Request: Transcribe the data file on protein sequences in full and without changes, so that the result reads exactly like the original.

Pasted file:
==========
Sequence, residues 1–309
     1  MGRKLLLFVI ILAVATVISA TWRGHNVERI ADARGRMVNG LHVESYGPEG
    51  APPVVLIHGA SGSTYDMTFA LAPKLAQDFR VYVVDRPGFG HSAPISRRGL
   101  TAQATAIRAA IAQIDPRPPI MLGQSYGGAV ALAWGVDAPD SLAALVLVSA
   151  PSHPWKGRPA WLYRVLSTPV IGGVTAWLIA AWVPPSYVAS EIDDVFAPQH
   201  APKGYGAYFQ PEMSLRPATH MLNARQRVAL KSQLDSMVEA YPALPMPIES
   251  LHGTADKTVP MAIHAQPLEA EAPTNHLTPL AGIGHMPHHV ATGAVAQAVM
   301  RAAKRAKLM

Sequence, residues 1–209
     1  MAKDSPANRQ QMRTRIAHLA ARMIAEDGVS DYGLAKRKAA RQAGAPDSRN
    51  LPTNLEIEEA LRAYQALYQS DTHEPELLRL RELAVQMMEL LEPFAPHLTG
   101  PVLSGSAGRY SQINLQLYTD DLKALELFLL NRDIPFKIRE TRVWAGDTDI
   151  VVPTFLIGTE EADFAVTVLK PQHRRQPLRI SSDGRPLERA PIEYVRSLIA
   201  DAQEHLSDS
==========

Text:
Sequence, residues 1–309
     1  MGRKLLLFVI ILAVATVISA TWRGHNVERI ADARGRMVNG LHVESYGPEG
    51  APPVVLIHGA SGSTYDMTFA LAPKLAQDFR VYVVDRPGFG HSAPISRRGL
   101  TAQATAIRAA IAQIDPRPPI MLGQSYGGAV ALAWGVDAPD SLAALVLVSA
   151  PSHPWKGRPA WLYRVLSTPV IGGVTAWLIA AWVPPSYVAS EIDDVFAPQH
   201  APKGYGAYFQ PEMSLRPATH MLNARQRVAL KSQLDSMVEA YPALPMPIES
   251  LHGTADKTVP MAIHAQPLEA EAPTNHLTPL AGIGHMPHHV ATGAVAQAVM
   301  RAAKRAKLM

Sequence, residues 1–209
     1  MAKDSPANRQ QMRTRIAHLA ARMIAEDGVS DYGLAKRKAA RQAGAPDSRN
    51  LPTNLEIEEA LRAYQALYQS DTHEPELLRL RELAVQMMEL LEPFAPHLTG
   101  PVLSGSAGRY SQINLQLYTD DLKALELFLL NRDIPFKIRE TRVWAGDTDI
   151  VVPTFLIGTE EADFAVTVLK PQHRRQPLRI SSDGRPLERA PIEYVRSLIA
   201  DAQEHLSDS